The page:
As I mentioned, I used my honey primarily in my smoothies, so they recommended I use alfalfa honey, since it does not harden when mixed with cold drinks. But don’t limit your honey just to smoothies, there is a whole slew of recipes incorporating the sweetness of local honey.
Going Local: Liz’s Day 5
Another slice of the frittata for breakfast.
For lunch, a new twist on a old fave: Tomato, Basil, and Cheddar on toasted Honey Whole Wheat. And I had a couple mini plums on the side.
I snacked on an apple in the afternoon.
And for dinner I had Butternut Squash Soup. Again, a new cooking experience for me, but it came out great. I pretty much followed this recipe, from the Food Network “Farm Stand” section, using all local ingredients and I omitted the jalapeno pepper. By the way, does anyone know how to peel a butternut squash? Because I’m pretty sure I did not do it the right way!
I also sipped on a some local wine from Colebrook Country Wines in Gansevoort, NY while putting the soup together.
Got Raw Milk?
Yes, Raw Milk. Unpasteurized. It actually tastes good and it seems to be good for you. I have been reading a lot lately about the pros and cons, (yes there are people out there who think that pasturized milk doesn’t exactly do your body good) so I thought this week was as good as any to grab a jug straight from the farm and see for myself.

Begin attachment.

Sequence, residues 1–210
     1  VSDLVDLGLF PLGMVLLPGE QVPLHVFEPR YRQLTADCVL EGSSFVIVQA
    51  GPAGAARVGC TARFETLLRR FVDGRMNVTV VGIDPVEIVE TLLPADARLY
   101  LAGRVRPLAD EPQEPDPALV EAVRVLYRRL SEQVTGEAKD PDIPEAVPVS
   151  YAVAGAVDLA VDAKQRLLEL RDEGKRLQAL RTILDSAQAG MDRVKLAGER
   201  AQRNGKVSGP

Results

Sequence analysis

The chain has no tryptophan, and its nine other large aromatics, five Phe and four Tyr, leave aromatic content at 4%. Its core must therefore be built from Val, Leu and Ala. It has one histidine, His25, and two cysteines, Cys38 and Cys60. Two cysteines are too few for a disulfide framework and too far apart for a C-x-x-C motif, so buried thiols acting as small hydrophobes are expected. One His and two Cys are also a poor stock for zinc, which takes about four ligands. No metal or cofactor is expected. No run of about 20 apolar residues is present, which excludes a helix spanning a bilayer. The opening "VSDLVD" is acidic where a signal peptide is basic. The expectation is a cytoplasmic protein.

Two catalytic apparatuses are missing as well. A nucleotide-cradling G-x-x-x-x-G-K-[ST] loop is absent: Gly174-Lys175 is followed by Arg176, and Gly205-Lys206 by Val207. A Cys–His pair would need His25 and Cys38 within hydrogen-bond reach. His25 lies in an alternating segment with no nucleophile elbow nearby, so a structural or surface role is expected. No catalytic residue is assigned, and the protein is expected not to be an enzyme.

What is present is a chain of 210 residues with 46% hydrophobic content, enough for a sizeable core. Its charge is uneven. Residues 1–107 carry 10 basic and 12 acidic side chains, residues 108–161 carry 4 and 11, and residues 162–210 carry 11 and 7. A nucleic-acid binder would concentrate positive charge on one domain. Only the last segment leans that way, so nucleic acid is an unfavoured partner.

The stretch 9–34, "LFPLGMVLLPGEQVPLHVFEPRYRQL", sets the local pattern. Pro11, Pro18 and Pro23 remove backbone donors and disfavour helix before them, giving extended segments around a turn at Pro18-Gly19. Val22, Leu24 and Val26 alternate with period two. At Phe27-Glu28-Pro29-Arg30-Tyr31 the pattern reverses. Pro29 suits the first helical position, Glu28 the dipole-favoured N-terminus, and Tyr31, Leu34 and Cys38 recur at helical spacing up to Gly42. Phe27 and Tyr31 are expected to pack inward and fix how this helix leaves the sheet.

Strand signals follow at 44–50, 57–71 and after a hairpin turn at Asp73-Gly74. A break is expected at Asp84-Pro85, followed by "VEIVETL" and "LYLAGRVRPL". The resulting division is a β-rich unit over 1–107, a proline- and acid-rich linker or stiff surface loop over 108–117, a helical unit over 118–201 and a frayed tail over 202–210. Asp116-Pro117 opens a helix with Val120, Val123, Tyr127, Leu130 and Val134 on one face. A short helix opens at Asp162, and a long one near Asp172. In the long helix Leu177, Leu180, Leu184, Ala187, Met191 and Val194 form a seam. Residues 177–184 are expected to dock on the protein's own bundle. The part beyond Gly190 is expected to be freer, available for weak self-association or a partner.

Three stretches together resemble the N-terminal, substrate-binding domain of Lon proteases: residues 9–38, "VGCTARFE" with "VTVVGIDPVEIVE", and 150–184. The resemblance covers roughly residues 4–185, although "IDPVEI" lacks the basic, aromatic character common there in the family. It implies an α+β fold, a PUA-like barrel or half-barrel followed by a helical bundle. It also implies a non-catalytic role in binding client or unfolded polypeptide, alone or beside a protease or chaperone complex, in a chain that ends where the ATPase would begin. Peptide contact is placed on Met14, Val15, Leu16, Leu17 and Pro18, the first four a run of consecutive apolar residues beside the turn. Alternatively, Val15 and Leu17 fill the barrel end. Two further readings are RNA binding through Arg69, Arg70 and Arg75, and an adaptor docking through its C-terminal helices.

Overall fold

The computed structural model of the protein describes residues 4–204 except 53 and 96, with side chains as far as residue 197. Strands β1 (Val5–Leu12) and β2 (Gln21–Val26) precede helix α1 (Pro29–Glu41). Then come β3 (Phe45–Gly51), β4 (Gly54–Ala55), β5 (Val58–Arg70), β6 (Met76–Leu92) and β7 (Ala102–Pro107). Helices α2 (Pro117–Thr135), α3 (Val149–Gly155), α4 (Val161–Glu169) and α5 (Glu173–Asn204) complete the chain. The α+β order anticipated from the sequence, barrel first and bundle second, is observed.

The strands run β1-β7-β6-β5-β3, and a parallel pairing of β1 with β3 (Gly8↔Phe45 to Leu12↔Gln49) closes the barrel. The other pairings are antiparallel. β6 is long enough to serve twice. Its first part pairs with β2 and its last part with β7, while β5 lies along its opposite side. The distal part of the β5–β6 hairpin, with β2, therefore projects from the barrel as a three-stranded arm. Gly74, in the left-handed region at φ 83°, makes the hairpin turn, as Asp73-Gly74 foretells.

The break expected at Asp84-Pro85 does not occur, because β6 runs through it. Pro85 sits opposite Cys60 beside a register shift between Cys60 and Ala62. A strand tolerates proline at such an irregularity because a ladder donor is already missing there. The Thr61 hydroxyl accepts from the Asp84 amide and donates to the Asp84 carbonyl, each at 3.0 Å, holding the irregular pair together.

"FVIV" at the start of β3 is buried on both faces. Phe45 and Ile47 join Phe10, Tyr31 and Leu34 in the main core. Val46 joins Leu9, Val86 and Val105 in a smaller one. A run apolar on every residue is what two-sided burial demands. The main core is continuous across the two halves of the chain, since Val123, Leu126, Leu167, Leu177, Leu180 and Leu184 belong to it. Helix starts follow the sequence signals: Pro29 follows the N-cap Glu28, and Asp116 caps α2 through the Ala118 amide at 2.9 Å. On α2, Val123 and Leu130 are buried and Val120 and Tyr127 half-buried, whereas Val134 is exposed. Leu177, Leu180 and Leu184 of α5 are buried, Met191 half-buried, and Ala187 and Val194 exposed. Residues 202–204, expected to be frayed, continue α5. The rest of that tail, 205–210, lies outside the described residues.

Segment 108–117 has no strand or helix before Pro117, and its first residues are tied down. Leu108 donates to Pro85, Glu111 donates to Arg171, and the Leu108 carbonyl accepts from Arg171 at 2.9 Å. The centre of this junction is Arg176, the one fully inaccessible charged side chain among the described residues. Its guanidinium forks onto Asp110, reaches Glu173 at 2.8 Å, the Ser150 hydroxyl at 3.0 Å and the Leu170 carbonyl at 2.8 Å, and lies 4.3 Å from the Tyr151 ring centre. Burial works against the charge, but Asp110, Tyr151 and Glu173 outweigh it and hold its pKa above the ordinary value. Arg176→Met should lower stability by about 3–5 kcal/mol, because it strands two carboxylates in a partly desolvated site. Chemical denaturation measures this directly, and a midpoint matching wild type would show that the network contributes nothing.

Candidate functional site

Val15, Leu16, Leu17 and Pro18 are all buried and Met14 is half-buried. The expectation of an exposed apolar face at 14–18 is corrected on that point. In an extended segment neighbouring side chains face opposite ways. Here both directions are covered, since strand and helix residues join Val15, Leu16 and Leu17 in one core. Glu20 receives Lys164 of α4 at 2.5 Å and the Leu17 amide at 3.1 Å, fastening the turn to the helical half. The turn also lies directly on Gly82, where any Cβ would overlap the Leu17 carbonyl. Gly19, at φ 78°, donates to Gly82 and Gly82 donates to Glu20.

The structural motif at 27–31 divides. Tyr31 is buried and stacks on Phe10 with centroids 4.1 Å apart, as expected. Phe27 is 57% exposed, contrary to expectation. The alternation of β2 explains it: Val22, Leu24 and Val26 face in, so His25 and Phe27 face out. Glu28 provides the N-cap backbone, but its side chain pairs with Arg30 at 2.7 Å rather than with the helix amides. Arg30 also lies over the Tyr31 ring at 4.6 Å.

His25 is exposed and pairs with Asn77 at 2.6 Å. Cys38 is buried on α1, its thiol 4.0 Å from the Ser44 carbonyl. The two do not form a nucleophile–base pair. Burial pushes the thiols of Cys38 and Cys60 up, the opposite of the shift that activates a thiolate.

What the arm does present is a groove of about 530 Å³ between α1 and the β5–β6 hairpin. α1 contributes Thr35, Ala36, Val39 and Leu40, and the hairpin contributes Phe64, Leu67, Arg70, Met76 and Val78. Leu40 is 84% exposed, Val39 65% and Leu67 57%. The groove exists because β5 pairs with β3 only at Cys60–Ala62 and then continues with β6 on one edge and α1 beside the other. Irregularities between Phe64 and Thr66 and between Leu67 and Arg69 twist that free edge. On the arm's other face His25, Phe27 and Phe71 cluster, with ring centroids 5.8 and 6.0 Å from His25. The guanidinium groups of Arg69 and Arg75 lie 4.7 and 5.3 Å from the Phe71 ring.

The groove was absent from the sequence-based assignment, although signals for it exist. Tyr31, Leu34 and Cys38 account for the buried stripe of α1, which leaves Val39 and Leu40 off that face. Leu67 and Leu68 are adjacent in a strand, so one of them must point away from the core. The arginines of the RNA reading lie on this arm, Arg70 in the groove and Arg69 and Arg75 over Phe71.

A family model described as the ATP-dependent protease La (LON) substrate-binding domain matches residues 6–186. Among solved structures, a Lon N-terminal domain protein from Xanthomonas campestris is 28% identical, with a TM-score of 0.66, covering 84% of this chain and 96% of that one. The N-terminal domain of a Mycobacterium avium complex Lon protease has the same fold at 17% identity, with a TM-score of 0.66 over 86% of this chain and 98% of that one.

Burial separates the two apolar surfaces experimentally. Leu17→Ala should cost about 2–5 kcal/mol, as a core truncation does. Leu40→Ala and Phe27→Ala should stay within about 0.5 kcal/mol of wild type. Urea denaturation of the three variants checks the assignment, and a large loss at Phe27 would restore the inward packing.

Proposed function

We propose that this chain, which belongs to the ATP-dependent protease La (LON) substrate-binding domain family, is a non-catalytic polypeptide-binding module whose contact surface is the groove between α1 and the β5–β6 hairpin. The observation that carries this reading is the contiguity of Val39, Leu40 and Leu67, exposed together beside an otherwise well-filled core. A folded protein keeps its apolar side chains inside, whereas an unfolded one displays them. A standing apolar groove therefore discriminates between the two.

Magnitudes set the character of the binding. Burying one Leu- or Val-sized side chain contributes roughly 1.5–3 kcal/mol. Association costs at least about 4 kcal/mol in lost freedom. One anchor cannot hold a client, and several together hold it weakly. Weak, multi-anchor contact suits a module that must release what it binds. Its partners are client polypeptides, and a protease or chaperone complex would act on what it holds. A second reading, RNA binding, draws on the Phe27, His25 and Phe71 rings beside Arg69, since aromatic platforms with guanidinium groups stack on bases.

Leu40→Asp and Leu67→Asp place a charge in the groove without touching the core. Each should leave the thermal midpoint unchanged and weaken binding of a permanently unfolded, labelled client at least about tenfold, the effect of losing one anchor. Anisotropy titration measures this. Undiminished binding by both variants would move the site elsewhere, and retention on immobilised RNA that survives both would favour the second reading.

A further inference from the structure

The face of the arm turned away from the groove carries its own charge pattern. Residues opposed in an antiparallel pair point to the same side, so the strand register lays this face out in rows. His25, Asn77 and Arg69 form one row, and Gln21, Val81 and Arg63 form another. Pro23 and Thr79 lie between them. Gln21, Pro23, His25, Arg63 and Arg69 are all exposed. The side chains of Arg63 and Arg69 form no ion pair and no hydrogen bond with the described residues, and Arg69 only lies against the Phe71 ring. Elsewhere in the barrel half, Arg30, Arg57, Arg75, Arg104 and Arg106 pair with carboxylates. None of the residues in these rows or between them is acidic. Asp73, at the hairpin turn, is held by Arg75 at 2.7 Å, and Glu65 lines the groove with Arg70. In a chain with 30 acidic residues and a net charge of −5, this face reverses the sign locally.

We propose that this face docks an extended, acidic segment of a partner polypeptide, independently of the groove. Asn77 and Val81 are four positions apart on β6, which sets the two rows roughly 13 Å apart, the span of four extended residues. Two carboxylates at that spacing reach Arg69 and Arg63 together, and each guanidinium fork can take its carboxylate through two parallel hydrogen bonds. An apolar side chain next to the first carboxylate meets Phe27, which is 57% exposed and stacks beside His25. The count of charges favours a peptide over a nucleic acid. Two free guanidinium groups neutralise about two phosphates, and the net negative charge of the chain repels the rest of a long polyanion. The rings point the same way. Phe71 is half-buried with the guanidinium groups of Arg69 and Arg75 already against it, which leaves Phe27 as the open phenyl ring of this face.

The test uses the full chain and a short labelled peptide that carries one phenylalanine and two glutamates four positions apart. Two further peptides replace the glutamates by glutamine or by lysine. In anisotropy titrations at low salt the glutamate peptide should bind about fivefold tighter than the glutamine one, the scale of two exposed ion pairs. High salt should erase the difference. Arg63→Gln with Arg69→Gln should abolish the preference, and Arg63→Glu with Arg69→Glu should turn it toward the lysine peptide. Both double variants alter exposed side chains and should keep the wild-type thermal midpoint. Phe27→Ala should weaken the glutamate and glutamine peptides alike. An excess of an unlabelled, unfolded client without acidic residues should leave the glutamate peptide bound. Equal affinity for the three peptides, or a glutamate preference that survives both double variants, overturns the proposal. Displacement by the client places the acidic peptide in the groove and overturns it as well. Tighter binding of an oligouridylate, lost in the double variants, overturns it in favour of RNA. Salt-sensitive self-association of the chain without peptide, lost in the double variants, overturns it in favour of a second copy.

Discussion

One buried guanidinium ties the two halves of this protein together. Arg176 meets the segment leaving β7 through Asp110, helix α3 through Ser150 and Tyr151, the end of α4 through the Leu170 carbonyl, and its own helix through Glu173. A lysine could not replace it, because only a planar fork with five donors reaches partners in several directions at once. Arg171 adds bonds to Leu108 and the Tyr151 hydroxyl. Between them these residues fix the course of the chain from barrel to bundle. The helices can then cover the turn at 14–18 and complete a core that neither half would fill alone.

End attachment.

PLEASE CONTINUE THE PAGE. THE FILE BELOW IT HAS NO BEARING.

This was the real reason for my venture out to Breese Hollow Farm last Sunday. And the reason why I had to go to the farm to get it? As you may have guessed, raw milk isn’t exactly sold in grocery stores or even the farmer’s market around here, and in almost half of the states it is illegal to sell for human consumption. And as you also may have guessed, every state has some weird ruling on the status of raw milk sales. Some states, like Illinois, even go so far as to say that the consumer has to come to the farm and actually pour the milk from the farmer’s container into a container of their own. Or others allow the sale of raw milk for pet consumption only, and still others allow a cow-share where people purchase actual shares of the cow, so they technically own the cow that the milk is coming from and that is apparently a little different.